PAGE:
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Monday, October 22, 2012

Powershell/Veeam Mixed Post

My retention periods are as follows:
Daily VMs: These VMs are servers that have data that changes often. Examples include File servers, SQL Servers, and Mail Servers. I keep four restore points, and these jobs run on M, T, W, and Th. The jobs are daisy-chained using a Powershell script like this:

Add-PsSnapIn VeeamPSSnapIn
get-vbrjob -name "Daily-Web" | start-vbrjob

Upon completion of the last job, the files that compose the Veeam backup job are copied over a WAN link using robocopy to a NAS that I recently acquired. I'm very happy with the NAS! It's an Iomega StorCenter px6-300d that I bought with no drives for $900. Then I bought 6 3TB SATA disks for another $900 or so and arranged them in RAID5. I have around 14TB in usable space for less than 2 grand!!!

Weekly VMs: These are application servers that very rarely change, like terminal servers and print servers. The weekly job also includes all VMs in my "Daily-VM" jobs, so I can save one copy of them every week. This allows me to have grandfather-father-son retention. I save 4 restore points for all of these VMs, and after the job runs I copy the files offsite to the NAS. The challenging part I ran into was working a way for my script to detect that it was the last Friday of the month, and then start the Backup Exec job to also write the Veeam backup files to tape. My first search turned up this Powershell function created by PoSH Pete  called LastXofMonth. I whittled the script down, because I only need to find the last friday, and came up with this:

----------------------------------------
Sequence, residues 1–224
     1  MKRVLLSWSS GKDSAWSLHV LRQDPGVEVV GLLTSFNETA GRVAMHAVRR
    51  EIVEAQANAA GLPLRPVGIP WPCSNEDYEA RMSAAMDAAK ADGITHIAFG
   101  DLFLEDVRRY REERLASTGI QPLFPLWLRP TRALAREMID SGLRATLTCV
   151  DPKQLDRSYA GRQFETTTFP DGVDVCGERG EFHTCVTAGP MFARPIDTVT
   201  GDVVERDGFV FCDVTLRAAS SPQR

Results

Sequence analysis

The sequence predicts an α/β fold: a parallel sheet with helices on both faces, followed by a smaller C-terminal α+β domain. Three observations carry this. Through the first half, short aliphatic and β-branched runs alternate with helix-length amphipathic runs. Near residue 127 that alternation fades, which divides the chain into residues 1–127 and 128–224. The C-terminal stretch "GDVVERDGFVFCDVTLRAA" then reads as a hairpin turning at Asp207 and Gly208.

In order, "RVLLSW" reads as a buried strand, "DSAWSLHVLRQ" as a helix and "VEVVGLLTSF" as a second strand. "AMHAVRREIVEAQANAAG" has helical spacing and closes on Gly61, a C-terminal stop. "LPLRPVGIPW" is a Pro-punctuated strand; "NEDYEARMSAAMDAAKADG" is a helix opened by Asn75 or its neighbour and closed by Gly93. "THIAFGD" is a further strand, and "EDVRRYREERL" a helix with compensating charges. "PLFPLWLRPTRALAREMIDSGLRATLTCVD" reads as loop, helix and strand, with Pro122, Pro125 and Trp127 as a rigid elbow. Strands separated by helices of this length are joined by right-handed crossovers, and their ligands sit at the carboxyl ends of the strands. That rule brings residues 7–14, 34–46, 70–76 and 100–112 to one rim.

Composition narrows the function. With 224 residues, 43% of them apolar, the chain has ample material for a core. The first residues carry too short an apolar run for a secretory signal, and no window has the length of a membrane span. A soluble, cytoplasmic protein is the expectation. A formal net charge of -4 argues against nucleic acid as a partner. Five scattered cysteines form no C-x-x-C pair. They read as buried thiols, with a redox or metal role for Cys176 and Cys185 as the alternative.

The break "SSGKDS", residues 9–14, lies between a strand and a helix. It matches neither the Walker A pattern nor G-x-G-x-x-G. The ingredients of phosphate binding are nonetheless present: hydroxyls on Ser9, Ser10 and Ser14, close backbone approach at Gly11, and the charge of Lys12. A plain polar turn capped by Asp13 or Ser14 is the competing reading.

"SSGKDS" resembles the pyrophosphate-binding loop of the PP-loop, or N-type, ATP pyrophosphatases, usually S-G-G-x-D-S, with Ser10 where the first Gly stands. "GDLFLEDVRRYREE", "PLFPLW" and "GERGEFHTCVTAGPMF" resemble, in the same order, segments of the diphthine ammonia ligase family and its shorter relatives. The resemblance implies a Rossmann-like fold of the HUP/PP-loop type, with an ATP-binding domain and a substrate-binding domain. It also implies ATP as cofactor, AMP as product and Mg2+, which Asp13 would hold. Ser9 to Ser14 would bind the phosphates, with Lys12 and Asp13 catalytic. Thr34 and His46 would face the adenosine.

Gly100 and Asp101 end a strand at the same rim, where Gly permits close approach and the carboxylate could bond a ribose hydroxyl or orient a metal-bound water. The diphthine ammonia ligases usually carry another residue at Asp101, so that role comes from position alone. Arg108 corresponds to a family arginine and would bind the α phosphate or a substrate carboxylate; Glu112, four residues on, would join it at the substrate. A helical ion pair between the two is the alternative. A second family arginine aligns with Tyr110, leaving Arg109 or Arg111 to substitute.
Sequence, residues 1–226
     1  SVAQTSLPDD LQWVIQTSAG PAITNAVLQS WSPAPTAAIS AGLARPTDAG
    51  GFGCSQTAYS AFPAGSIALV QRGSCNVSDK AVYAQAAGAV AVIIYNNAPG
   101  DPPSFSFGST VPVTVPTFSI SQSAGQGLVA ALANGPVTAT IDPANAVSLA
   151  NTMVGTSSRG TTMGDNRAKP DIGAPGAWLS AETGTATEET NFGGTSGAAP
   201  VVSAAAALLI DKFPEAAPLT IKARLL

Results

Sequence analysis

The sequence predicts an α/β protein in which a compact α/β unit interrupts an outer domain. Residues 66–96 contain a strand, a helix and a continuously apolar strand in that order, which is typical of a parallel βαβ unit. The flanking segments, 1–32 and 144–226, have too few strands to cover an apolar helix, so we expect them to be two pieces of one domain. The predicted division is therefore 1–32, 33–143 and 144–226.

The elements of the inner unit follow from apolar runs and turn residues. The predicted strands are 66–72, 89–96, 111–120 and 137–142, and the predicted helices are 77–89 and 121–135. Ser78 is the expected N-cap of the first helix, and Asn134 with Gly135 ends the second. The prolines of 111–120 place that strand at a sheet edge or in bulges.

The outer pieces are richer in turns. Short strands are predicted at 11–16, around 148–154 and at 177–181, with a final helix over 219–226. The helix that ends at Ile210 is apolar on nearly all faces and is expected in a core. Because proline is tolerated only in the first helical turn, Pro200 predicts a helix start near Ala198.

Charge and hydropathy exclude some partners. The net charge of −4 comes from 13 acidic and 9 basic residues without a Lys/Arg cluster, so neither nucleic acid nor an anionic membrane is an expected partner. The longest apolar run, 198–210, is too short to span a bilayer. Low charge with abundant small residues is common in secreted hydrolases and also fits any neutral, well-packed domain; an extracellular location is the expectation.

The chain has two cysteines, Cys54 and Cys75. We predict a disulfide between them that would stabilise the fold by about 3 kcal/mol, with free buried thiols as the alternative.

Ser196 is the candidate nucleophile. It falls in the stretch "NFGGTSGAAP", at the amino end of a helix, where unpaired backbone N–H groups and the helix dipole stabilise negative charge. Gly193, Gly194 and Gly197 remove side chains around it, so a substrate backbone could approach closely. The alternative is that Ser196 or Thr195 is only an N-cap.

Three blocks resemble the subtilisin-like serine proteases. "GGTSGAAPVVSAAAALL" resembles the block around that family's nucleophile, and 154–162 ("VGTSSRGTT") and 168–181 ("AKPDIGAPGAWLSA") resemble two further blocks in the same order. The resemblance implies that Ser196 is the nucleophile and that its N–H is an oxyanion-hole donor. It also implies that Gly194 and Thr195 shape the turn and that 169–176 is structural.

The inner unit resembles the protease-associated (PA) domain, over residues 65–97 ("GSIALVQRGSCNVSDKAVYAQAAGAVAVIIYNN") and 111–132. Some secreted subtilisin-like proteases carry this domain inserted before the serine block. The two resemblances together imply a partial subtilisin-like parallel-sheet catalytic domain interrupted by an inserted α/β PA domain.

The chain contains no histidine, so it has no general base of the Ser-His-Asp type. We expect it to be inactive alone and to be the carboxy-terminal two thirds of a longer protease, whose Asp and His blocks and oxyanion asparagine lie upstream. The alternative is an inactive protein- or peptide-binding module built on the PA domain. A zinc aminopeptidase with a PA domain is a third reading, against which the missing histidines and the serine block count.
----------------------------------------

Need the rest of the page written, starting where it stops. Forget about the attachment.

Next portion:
#Get the date of the last Friday of this month
$Dayname = "Friday"
$LastDayOfMonth = (Get-Date -Year (Get-Date).Year -Month (Get-Date).Month -Day 1).AddMonths(1).AddDays(-1)
If($LastDayOfMonth.DayOfWeek -eq $DayName)
$Answer = $LastDayOfMonth
} #End If
Else {
While($Answer -eq $Null)
$LastDayOfMonth = $LastDayOfMonth.AddDays(-1)
If($LastDayOfMonth.DayOfWeek -eq $DayName)
$Answer = $LastDayOfMonth
} #End If
  }#End While
}#End Else

#Get Today's date and do some date formatting
$Date = ((get-date).ToShortDateString())
$LastFriday = ($

#If Today's date is past or equal to the date of the last friday, start the BE job that writes monthly Veeam backups to tape
If ($Date -ge $LastFriday){
start-process "C:\Program Files\Symantec\Backup Exec\bemcmd.exe" -ArgumentList '-o1 -jCITYBU01 - Veeam to Tape'
} #End If

Something I have forced myself to do with my scripts is to put comments at the end of any command blocks, like If, Else, While, etc. Anywhere that there's code within a set of curly braces that spans more than one line gets a comment. It make nested conditional statements much better to trace out and troubleshoot.
One nice thing I discovered when working with datetime datatypes in this script is that if you take two dates you can compare them. Well, I didn't discover it; it makes sense. I had never done it before and was pleasantly surprised that it worked like I thought it should.

[datetime]$date1 = "11/1/2012"
$date2 = ((get-date).ToShortDateString())
$date1 -gt $date 2

This evaluates as true, because November 1 is "greater than today, which is 10/22/2012.

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